I’m a proud Michigander but I come from the west side of the state and the far east has always been something of a gleaming mystery to me. I knew the auto industry had built Detroit and that when it collapsed Detroit collapsed, and I knew about the white flight to the suburbs, Devil’s Night, the 1984 Tigers, Philip Levine’s poems . . . Well really I didn’t know much; I knew about as much as a kid from Poughkeepsie knows about Bed-Stuy. But still, Detroit is bound up with Michigan (in a much more meaningful sense than New York City is with New York State), and Michigan’s my home, so I’ve always felt some affinity; I just haven’t known what with exactly. Recently, Detroit’s come to my attention in a lot of ways both direct and indirect, though, and I feel like I’m moving (sliding?) toward some more tactile understanding of the place. I’ve had the chance to visit for the first time in years; I’ve been reading more and more about the place in the news in the wake of its recent spectacular fiscal meltdowns; I’ve had frequent occasion, in my beloved New Orleans, to draw analogies to Detroit (ruin/beauty, opportunity/inertia, etc.); and my reading of visual art periodicals has featured lively debates about the ethics of “ruin porn“–an issue that I also think about a lot in New Orleans.
I remain, of course, totally ignorant about Detroit, though I think I do understand that the smarty-pants interloper (usually white) who comes along to explain the place to its supposedly benighted (usually black) inhabitants is one of the most reviled members of the local fauna, so I’m smart enough at least to profess my ignorance! There’s a great scene in Detropia where a couple of white hipster European 20-somethings come into a coffee shop clearly so pleased with themselves for coming to Detroit instead of the more predictable destinations like New York or San Francisco, like so pleased with themselves that they seem to be looking around waiting for someone to congratulate them on how cool they are, and the African-American barista just looks at them like . . . I don’t even know how to describe that look.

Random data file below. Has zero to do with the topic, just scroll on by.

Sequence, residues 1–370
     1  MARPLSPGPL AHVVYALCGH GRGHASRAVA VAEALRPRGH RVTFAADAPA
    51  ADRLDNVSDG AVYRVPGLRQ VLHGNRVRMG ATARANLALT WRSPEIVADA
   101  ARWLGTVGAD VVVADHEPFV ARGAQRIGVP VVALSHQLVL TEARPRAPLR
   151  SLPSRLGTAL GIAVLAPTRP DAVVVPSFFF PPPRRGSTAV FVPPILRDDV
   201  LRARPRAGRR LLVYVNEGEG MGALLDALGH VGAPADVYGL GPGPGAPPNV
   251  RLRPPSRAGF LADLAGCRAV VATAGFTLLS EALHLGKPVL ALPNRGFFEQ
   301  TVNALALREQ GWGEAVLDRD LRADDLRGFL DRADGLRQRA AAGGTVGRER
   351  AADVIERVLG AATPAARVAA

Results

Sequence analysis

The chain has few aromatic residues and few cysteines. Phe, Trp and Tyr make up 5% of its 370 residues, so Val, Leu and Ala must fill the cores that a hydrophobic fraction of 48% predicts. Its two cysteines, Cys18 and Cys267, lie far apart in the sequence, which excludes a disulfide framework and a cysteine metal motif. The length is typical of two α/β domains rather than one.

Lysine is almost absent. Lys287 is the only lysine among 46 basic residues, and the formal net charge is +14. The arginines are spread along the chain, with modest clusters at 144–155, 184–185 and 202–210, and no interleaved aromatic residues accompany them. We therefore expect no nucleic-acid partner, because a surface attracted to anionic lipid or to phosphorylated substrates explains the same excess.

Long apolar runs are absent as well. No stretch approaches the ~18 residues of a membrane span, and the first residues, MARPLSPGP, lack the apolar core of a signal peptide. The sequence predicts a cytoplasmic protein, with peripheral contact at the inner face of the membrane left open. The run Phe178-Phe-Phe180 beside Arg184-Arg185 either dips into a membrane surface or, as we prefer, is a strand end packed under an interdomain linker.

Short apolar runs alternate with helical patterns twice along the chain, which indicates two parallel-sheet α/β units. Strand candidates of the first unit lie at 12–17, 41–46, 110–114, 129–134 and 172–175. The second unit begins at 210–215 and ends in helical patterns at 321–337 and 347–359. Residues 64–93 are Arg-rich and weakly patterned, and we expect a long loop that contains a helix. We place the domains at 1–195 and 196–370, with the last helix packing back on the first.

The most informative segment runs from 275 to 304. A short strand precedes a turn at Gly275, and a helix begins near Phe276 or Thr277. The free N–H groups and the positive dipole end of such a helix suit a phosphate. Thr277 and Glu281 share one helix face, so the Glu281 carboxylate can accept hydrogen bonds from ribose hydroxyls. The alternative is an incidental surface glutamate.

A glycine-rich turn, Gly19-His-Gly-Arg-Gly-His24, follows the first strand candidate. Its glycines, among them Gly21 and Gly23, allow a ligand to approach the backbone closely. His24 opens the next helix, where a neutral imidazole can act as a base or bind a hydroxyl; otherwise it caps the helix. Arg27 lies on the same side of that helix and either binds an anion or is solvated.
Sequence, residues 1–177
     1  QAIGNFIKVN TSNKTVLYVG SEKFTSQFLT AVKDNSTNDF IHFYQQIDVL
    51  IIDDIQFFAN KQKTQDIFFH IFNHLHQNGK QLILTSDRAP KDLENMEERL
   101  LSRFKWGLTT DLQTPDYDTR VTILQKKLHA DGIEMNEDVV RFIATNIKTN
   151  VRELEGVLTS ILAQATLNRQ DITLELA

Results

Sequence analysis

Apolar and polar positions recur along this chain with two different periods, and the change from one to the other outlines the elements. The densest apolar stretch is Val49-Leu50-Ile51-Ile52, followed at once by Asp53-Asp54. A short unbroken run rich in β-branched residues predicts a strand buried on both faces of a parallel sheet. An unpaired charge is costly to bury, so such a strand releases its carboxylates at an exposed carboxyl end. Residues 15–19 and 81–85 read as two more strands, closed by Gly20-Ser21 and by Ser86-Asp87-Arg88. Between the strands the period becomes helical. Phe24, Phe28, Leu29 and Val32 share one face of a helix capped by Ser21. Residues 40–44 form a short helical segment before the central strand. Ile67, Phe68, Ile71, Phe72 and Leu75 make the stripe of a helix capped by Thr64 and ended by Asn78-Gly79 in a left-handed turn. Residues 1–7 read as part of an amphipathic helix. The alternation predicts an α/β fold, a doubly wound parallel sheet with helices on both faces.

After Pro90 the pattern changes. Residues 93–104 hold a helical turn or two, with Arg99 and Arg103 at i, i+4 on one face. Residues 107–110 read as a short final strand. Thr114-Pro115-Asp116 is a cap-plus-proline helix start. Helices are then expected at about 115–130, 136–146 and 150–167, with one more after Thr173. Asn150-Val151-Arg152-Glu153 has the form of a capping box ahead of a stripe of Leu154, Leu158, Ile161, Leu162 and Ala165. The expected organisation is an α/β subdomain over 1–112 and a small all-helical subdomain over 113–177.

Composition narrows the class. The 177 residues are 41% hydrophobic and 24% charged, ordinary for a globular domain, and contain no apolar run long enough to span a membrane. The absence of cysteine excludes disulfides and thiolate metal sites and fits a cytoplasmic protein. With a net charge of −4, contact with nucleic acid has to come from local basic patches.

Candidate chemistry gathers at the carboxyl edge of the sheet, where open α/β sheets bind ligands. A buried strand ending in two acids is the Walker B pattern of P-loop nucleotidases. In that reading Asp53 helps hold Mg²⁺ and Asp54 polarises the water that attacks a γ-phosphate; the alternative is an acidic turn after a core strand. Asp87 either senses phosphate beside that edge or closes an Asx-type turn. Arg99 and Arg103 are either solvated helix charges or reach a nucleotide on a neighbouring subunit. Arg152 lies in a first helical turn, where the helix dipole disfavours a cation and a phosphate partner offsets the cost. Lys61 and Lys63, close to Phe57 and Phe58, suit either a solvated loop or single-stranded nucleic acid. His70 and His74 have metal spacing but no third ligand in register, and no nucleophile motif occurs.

Detropia and Binelli’s book are nice companions. The movie, like Ewing and Grady’s excellent Jesus Camp, has no voice-over narration telling you what to think or feel about what you’re seeing; it just follows some people around as they go about their business in Detroit and reflect aloud on how it was, how it is, and how it could be. Binelli’s book, on the contrary, is super chatty. Binelli grew up both in and around the city of Detroit. (Those are important prepositions. If someone tells you he grew up “in” Detroit, and he is white, try this: Say, “Wait, in Detroit? Or around Detroit?” He will almost certainly blush a little and confess to an address well beyond the city limits.) After living elsewhere for a long time, he returned and lived smack downtown for some years as a reporter, during which time he wrote this book. The writing is smart and funny, a little shaggy in spots but all in all a really nice blend of solid reportage and color commentary. I won’t go into detail about the contents; suffice to say that if you’ve got more than a passing interest in the city’s current situation, this is a lively and useful overview. I’m still a dumb farm kid after reading it, but a little less dumb.
P. S. I’m also going to mention here while I’m at it a project by Brian Widdis and Romain Blanquart called Can’t Forget the Motor City, in which Widdis took b/w photos of Detroit landscapes and Blanquart color portraits of Detroit residents. The idea was to show the life in the place rather than the decay and I think the results are terrific. That image up there is one of Blanquart’s.